Ezekiel - Chapter 20

Ezekiel 20:1 - Hmm, Ezekiel 1:1 says "In the thirtieth year, in the fourth month, on the fifth day of the month, ..." but here in chapter 20 is starts "In the seventh year, in the fifth month, on the tenth day of the month, ... ". The chapter is titled "Israel's Continuing Rebellion" so I'm confused, is this before chapters 1-19 or after? Guess I ought to get that commentary you folks told me was 'indispensable'. :-P

Ezekiel 20:5-8 - You can hear the anguish in God's tone here. He chose them, searched out the best land for them and set them in it. Don't look back, is all he said. I've picked you out from all other and provided the best there is for you, leave that inferior stuff behind. Instead they started looking around at what was out there, desiring something new and different. Perhaps there was something better than what God was offering ...

How are we any different? God's poured out his best for us and we give him scraps all too often. We're distracted by the good that this world offers us, not remembering how inferior it is to the best that God has. We think we can keep one hand on God and wander around with the other stretched out for whatever else might be out there.

Do we hear God crying out in anguish as we search for happiness elsewhere, "But I even gave you my Son ..."?

Ezekiel 20:11 - God gave the law, not to control but to educate. Act according to this and you will live. It was a gift, not a burden. After all, God created us and the world we live in, an instruction manual on how best to get along here is a wonderful thing.

Ezekiel 20:9-26 - God sums up Israel's history here. God gives, Israel rejects, god longs to wipe them out, God relents and then the cycle repeats. I like the picture, repeated in verses 13-14 and 21-22, where God says he will destroy them, but relents for the sake of His name. It's a picture of God wanting to let His emotions loose, but taking His own thoughts captive and submitting to what is better rather than what would feel good. He is like us (rather, we are like Him) in that His emotions and drive Him to hasty action, but, unlike us too many times, His reason prevails. He does not simply let His emotions rule.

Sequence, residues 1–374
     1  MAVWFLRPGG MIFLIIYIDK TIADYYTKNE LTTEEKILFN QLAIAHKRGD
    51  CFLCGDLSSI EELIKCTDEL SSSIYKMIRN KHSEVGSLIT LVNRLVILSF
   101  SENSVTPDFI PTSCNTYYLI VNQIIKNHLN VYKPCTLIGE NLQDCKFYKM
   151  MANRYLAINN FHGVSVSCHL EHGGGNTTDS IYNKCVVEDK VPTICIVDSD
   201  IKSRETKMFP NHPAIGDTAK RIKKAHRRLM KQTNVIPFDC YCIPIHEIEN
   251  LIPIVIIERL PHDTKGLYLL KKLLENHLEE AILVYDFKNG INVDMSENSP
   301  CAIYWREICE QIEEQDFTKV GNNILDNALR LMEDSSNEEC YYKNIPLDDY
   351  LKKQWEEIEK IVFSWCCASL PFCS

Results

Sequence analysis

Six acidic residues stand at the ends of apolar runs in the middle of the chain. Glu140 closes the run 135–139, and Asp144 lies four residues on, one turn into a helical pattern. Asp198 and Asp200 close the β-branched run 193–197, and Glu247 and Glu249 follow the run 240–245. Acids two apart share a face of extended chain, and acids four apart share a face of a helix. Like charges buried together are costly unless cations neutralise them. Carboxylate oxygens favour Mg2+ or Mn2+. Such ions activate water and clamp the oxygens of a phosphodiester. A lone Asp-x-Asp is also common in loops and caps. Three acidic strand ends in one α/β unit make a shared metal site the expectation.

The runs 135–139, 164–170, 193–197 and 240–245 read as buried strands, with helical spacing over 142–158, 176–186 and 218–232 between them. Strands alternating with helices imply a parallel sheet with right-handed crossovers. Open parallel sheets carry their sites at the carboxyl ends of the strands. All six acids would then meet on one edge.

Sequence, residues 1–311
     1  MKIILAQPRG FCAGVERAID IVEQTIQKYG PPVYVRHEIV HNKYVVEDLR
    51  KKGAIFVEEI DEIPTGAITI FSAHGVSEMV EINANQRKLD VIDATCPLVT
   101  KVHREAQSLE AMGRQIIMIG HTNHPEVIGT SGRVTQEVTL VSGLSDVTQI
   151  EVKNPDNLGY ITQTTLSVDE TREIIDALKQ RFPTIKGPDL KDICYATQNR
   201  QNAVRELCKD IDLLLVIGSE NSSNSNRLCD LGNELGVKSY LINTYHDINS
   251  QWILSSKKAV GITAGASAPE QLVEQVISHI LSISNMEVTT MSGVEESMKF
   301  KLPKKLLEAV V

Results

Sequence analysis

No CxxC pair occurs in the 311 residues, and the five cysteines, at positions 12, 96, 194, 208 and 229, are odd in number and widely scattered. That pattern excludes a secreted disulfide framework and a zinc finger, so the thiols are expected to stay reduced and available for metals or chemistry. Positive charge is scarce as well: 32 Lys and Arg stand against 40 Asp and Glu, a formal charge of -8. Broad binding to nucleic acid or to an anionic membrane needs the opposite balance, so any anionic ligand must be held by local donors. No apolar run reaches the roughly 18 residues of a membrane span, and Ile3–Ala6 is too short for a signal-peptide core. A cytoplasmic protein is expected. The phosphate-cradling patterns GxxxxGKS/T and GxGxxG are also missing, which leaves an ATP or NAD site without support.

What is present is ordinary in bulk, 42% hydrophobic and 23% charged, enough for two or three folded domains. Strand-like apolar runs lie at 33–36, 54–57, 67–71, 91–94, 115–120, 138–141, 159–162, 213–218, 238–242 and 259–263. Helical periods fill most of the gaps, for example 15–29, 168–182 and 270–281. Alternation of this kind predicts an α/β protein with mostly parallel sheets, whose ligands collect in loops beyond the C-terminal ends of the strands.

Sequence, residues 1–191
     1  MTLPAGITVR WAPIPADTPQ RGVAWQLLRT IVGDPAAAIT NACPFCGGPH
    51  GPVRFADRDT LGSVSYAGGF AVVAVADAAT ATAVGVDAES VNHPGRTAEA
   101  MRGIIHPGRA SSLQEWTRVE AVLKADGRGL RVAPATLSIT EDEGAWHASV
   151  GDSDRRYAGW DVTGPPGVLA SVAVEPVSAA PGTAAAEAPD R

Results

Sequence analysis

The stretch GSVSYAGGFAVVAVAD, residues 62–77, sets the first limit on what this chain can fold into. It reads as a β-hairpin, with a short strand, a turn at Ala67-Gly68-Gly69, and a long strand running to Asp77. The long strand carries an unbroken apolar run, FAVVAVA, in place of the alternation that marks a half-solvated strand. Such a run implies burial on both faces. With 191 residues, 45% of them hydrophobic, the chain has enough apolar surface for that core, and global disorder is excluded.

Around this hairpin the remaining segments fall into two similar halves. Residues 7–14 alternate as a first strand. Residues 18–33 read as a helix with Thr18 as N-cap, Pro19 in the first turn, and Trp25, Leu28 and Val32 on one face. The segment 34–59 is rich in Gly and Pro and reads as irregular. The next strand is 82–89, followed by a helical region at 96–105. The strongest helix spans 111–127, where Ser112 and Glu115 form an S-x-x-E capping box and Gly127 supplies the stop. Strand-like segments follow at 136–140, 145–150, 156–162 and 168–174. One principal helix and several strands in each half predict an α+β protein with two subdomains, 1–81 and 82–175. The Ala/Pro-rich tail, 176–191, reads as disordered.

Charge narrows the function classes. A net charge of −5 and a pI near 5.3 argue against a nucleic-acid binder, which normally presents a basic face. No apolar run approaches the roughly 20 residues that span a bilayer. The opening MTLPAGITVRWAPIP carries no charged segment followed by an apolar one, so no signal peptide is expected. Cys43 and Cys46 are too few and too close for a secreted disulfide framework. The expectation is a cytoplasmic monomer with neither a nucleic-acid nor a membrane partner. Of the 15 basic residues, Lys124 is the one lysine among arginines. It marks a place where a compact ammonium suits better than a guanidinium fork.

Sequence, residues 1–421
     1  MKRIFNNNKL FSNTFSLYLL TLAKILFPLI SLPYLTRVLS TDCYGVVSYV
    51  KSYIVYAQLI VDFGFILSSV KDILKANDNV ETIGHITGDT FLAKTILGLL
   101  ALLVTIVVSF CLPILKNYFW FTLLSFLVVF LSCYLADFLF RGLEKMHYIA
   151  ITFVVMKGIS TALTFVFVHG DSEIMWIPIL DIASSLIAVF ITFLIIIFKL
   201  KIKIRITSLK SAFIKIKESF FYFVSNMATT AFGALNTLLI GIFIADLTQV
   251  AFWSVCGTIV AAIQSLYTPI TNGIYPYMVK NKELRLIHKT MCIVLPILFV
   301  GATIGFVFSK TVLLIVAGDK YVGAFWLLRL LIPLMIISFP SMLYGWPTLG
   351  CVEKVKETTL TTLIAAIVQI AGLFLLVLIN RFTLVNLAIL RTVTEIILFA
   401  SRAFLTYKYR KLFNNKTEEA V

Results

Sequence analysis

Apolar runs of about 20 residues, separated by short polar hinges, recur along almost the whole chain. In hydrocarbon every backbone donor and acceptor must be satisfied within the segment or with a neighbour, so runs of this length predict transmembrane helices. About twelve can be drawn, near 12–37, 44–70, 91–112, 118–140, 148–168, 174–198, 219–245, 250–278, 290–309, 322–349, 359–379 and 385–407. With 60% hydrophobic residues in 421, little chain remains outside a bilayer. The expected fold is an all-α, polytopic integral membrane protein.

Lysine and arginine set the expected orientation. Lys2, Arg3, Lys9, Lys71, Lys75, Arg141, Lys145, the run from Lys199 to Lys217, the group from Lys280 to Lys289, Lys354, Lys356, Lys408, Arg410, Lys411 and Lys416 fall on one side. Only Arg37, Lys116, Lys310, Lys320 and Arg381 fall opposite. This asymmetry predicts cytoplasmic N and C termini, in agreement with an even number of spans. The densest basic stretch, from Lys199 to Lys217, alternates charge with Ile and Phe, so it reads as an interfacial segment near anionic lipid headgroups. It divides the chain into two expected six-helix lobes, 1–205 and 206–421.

He shows in this just how much different He is than we are. He feels emotion as, strong emotions, just as we do. But where we are often carried away by them and later, ashamed, wonder what we've done, God does not. His emotions are a part of Him and influence Him, but he controls them rather than the other way around. Perhaps I humanize God too much, but we are created in His image. He clearly is portrayed with emotions in the Bible - jealousy, anger, love, passion, sadness. He handles them perfectly and we can learn from watching Him.

"As I live, declares the Lord God, surely with a mighty hand and an outstretched arm and with wrath poured out I will be king over you. I will bring you out from the peoples and gather you out of the countries where you are scattered, with a mighty hand and an outstretched arm, and with wrath poured out. And I will bring you into the wilderness of the peoples, and there I will enter into judgment with you face to face."
This is under the heading of "The Lord Will Restore Israel". Imagine, restoration "with a mighty hand and an outstretched arm and with wrath poured out". After that would you want to meet God face to face? He finishes in Ezekiel 20:38 "Then you will know that I am the Lord." Uh-huh.

But then ...

"For on my holy mountain, the mountain height of Israel, declares the Lord God, there all the house of Israel, all of them, shall serve me in the land. There I will accept them, and there I will require your contributions and the choicest of your gifts, with all your sacred offerings. As a pleasing aroma I will accept you, when I bring you out from the peoples and gather you out of the countries where you have been scattered. And I will manifest my holiness among you in the sight of the nations. And you shall know that I am the Lord, when I bring you into the land of Israel, the country that I swore to give to your fathers. And there you shall remember your ways and all your deeds with which you have defiled yourselves, and you shall loathe yourselves for all the evils that you have committed. And you shall know that I am the Lord, when I deal with you for my name's sake, not according to your evil ways, nor according to your corrupt deeds, O house of Israel, declares the Lord God."

What an amazing God we serve! In this chapter we see an anguished god, angry, ready to destroy, facing yet another generation in a long string of unfaithful Israelites. Yet here He is promising once again to lift them up, to restore them. Why? Because of what He is, not because (thankfully) of what they've done.

We see this in Jesus, the grace and forgiveness, but this s the God of the Old Testament. He is the same God, continually forgiving and continually calling His people back to Him - for His name sake.

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